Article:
Jacques Schmitz, MD
PEDIATRICS Vol. 106 No. 5 Supplement November 2000, pp. 1286
Since the discovery, in the early 1950s, that gliadin was the component of wheat responsible for celiac disease (CD), and, during the 1960s that cows’ milk proteins could also trigger severe enteropathies, it has been shown that early introduction of many other foreign proteins—from soy, rice, eggs, fish, and chicken—could have the same deleterious effect: a T-cell mediated immune reaction leading to mucosal inflammation with villous atrophy, diarrhea, and failure to thrive.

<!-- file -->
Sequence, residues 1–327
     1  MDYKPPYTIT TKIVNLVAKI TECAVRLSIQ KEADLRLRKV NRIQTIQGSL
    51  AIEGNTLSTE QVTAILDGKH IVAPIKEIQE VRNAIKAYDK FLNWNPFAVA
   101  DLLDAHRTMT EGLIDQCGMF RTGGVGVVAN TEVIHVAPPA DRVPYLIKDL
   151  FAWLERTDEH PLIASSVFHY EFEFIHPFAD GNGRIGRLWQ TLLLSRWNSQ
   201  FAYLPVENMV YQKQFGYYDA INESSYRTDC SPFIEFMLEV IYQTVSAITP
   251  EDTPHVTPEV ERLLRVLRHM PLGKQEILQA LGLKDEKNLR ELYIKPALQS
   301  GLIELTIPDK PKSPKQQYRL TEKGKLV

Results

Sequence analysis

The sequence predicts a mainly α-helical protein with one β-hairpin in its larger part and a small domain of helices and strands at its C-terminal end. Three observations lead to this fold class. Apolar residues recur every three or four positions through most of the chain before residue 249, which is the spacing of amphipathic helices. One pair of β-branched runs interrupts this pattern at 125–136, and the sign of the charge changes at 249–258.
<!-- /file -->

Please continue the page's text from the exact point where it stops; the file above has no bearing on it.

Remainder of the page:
1. At what age is the risk of developing a protein-induced enteropathy so low that feeding a foreign protein can be considered safe?
2. Are small quantities of protein less pathogenic than greater ones?
A cikk a Pediatrics oldalán olvasható.